Socioeconomic Diversity, Scholarships, and Financial Aid

On Jan. 28, The New York Times published a story positing that a higher percentage of students at elite colleges are from the top one percent of the income scale than experts realized. The story was based on a study that used anonymous tax filings and tuition records from college graduates.

Colorado College was named in the story as one of 38 colleges that had more students from the top one percent than from the bottom 60 percent of the income scale.

Colorado College is working to expand access to a CC education, and has been actively seeking to increase the financial capabilities to do so. The college has identified raising additional funds for need-based aid as a major goal and plans to raise $90 million in the coming years for scholarship support.

“The college is firmly committed to the importance of higher education as an engine of opportunity and the idea that socioeconomic diversity is critical to academic excellence,” says President Jill Tiefenthaler. “When I arrived at CC five years ago, improving diversity at the college was the top priority identified in my Year of Listening. I heard this uniformly from faculty, alumni, students, staff, and parents.”

The data from the study cited in the NYT article (which includes the graduating classes from 2002-13) confirm that CC had much work to do, says Tiefenthaler.

Since that time, the college has undertaken the following initiatives:

Continuing to increase the college’s financial aid budget. Last year, CC provided $30 million in need-based financial aid to deserving students.

Through the generosity of a foundation and a fundraising challenge, raising more than $21 million in financial aid endowment, creating 56 newly endowed scholarships for first-generation college students or high-need students.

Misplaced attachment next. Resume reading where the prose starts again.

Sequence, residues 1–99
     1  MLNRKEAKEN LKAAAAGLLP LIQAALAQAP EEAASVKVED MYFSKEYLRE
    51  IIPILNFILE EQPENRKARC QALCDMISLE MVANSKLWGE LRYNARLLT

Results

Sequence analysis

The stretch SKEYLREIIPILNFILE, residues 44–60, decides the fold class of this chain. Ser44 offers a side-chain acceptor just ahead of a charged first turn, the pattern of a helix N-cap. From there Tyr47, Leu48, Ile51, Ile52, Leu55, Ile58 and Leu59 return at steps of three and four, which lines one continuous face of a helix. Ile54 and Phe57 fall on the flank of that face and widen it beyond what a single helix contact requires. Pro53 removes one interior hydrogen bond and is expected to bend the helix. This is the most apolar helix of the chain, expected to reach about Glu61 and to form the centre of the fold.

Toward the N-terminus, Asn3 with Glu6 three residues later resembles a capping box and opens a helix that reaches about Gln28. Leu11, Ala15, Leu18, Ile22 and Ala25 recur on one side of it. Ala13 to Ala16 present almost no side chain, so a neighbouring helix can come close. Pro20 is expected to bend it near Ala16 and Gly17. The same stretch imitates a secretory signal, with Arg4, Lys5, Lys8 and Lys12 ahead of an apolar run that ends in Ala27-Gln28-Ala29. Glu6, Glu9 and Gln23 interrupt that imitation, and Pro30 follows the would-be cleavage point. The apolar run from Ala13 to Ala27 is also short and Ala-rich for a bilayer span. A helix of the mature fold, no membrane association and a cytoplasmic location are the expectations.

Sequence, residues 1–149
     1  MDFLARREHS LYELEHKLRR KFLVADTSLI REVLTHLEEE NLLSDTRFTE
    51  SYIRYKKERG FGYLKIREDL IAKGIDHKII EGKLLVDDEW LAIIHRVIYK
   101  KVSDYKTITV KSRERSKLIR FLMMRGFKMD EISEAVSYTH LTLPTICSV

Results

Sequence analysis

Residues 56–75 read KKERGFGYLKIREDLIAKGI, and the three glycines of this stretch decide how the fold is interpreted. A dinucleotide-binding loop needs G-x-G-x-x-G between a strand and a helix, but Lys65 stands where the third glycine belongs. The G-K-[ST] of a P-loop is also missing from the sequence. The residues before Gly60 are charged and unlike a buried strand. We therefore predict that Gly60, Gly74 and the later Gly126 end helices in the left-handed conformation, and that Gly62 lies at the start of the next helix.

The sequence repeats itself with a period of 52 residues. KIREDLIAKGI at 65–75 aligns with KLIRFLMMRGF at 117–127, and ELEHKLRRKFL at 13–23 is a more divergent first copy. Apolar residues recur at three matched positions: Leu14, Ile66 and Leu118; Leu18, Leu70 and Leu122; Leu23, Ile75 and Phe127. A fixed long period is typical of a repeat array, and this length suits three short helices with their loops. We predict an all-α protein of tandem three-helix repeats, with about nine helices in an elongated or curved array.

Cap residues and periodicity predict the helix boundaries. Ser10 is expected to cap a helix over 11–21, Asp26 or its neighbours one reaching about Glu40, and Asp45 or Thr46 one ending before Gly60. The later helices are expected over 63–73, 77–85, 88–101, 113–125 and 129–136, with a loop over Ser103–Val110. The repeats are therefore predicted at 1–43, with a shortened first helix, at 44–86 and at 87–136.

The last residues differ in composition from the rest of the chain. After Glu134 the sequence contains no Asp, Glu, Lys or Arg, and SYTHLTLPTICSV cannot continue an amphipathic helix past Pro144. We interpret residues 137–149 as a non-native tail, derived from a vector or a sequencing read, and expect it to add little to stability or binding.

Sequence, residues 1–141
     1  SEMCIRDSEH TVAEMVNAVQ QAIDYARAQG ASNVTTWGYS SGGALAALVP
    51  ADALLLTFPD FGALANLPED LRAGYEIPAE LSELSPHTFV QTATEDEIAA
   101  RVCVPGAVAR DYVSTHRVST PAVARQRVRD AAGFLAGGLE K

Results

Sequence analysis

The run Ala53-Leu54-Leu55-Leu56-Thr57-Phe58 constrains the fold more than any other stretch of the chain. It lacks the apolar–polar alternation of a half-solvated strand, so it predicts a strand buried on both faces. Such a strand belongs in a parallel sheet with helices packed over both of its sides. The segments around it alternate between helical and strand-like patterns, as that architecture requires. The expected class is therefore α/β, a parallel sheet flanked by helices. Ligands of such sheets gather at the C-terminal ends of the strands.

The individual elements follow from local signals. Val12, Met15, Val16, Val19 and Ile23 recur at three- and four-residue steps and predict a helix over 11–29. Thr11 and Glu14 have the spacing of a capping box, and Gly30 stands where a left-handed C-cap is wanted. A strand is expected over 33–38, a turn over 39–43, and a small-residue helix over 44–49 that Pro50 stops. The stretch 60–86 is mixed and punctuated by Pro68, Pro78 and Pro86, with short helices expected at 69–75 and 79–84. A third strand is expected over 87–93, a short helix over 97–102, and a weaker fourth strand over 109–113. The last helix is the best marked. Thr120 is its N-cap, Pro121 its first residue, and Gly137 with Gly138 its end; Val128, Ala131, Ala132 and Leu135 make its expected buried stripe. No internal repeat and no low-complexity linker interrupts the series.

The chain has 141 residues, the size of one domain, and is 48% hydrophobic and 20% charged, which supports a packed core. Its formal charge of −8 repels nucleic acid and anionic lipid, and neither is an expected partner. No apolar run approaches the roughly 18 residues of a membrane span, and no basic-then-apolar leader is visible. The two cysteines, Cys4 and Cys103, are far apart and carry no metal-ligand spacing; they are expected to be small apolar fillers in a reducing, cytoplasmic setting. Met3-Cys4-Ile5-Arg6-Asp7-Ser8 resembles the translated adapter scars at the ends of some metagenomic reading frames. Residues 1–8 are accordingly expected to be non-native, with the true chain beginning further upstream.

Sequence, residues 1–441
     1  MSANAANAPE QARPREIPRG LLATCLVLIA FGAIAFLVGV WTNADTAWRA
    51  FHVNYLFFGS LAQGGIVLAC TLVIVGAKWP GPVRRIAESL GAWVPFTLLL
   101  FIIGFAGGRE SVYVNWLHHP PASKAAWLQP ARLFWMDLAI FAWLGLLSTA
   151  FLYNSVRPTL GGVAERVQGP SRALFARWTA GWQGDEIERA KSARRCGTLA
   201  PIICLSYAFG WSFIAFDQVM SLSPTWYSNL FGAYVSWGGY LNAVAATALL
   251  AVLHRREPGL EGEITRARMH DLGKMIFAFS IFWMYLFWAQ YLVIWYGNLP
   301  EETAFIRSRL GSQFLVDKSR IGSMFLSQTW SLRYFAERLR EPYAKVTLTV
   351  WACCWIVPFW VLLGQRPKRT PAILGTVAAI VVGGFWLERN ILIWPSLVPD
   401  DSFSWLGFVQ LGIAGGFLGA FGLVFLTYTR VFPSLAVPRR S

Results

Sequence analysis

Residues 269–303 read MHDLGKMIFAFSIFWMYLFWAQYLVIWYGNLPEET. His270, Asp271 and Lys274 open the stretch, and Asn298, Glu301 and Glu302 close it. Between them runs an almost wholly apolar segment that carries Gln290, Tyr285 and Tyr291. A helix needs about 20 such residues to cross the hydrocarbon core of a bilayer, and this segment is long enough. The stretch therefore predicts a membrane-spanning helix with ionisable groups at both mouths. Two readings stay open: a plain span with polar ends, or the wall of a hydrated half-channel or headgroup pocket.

Partnering, starting in 2013, with QuestBridge, a nonprofit organization that matches high-achieving, low-income students with highly selective institutions. CC currently has 120 QuestBridge scholars across three classes; soon there will be more than 150 scholars in four classes.

Working to increase the number of students on need-based aid. However, the college also wants to ensure that those students on aid graduate with manageable debt (CC’s average graduating debt is far below the national average) and have access to all opportunities (CC has added significant funds to support study abroad and blocks away for students with financial need and to support block break programming).

Increasing funds for need-based aid — a major capital campaign goal.

While the college has made progress in improving diversity, Tiefenthaler says that there is much work still to do.

“CC is an excellent school and is highly selective. But, like many of the schools on the top of the NYT list, we have a smaller endowment and, therefore, financial aid budget than the wealthiest colleges and universities. Our challenge is to continue to build the endowment and annual support for financial aid so that we can make this wonderful education accessible to all worthy students, regardless of family background.”

You Can Help
Help CC admit more independent thinkers, creators, and trailblazers, regardless of their ability to pay, by contributing to the commitment to raise $90 million for scholarship support. Gifts of any amount make a difference.